By Juan Cole | (Informed Comment) | – –
In an interview with Portugal television Wednesday, according to al-Hayat, Syrian dictator Bashar al-Assad said that Donald Trump will be “a natural ally” for Damascus if his administration fights “terrorism.” Asked if he was prepared to work with Trump, al-Assad said, “Naturally, I say that is a promise, but can achieve that? Can he go in that direction? What about the powerful forces inside the administration, what about the chief media who were against him? How will he be able to deal with them? . . . For this reason, we view it as a matter hedged by doubts, whether he can fulfill his promises or not.”
In the past, Trump has asserted that Daesh (ISIS, ISIL) is a far bigger danger to the US than the al-Assad regime.
In a telephone call on Monday, Russian president Vladimir Putin told Trump of the necessity to redouble efforts to fight enemy number one, terrorism and international extremism.
At the same time, al-Assad sharply criticized Turkish president Tayyip Erdogan, saying that the Turkish troop presence on Syrian soil is an incursion, and warning Ankara that Syria has the right to defend itself. He said all the foreign fighters or terrorists who had come into Turkey come through Syria. Nowadays, he said, fighting these “terrorists” is just like fighting Erdogan’s army (he made a distinction with regard to the Turkish army and Erdogan’s army.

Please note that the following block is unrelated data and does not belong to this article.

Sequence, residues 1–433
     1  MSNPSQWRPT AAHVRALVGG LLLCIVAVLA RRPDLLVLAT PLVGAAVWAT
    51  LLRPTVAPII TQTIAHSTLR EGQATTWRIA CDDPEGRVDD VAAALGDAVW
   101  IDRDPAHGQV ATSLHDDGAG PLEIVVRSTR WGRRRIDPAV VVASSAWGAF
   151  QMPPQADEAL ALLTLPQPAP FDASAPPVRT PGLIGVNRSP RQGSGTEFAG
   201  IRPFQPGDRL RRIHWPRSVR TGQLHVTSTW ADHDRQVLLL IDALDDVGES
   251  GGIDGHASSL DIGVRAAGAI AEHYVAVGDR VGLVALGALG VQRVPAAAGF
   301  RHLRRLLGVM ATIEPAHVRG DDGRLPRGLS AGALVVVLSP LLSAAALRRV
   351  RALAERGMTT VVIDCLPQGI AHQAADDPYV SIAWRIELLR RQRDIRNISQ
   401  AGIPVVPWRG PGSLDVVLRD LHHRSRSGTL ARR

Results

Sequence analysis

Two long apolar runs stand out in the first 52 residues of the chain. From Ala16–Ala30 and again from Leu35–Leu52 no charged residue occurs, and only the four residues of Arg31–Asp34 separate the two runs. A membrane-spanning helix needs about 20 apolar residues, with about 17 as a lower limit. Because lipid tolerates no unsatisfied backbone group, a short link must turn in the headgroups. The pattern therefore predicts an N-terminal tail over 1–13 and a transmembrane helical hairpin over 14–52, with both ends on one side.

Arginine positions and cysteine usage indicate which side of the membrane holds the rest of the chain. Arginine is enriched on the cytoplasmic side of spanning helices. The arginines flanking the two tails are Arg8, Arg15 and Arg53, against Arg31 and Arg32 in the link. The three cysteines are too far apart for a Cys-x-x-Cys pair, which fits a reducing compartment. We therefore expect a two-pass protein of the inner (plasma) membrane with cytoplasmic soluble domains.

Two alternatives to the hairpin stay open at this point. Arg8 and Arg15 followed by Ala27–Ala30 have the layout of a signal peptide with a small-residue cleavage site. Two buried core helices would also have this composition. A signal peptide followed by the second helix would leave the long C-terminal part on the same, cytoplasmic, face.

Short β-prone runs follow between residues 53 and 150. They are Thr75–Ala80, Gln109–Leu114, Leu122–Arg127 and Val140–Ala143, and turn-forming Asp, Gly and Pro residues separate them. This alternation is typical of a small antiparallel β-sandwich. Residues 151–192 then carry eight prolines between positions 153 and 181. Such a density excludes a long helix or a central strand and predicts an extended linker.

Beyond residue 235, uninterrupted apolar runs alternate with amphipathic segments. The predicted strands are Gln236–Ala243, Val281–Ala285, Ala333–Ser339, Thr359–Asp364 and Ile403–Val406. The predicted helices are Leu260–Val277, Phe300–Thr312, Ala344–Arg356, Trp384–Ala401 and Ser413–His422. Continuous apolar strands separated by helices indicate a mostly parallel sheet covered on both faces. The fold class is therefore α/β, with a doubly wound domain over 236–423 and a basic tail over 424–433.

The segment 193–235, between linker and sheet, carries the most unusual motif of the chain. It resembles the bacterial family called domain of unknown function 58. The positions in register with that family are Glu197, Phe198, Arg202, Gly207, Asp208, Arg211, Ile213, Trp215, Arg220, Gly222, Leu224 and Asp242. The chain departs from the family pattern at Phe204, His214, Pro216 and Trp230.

Al-Assad also rejected any American military intervention in Syria. He said that over the past 50 years the US had repeatedly intervened in the Middle East. “They are very good at creating problems,” he observed,” but not at solving them.”
In the meantime, al-Assad and his Russian allies are continuing their assault on the rebel stronghold of the East Aleppo pocket. Some 4000 rebel fighters, about a fourth of them al-Qaeda, are nested in a civilian population of about 250,000. On Wednesday, Syrian fighter jets bombarded East Aleppo indiscriminately, leaving over 80 persons, many of them noncombatants, dead. Russia has also been targeting rebel positions from its aircraft carrier in the Mediterrean. A rebel attempt to break the siege of East Aleppo appears to have failed. Alarabiya is reporting that an infantry and armor assault on rebel positions, in an attempt to take back all of Aleppo (the regime has the more populous and more prosperous west) seems imminent.
If Aleppo falls, the regime will have gained a fragile victory over the rebels, whom Damascus, Moscow and now Trump all characterize as terrorists.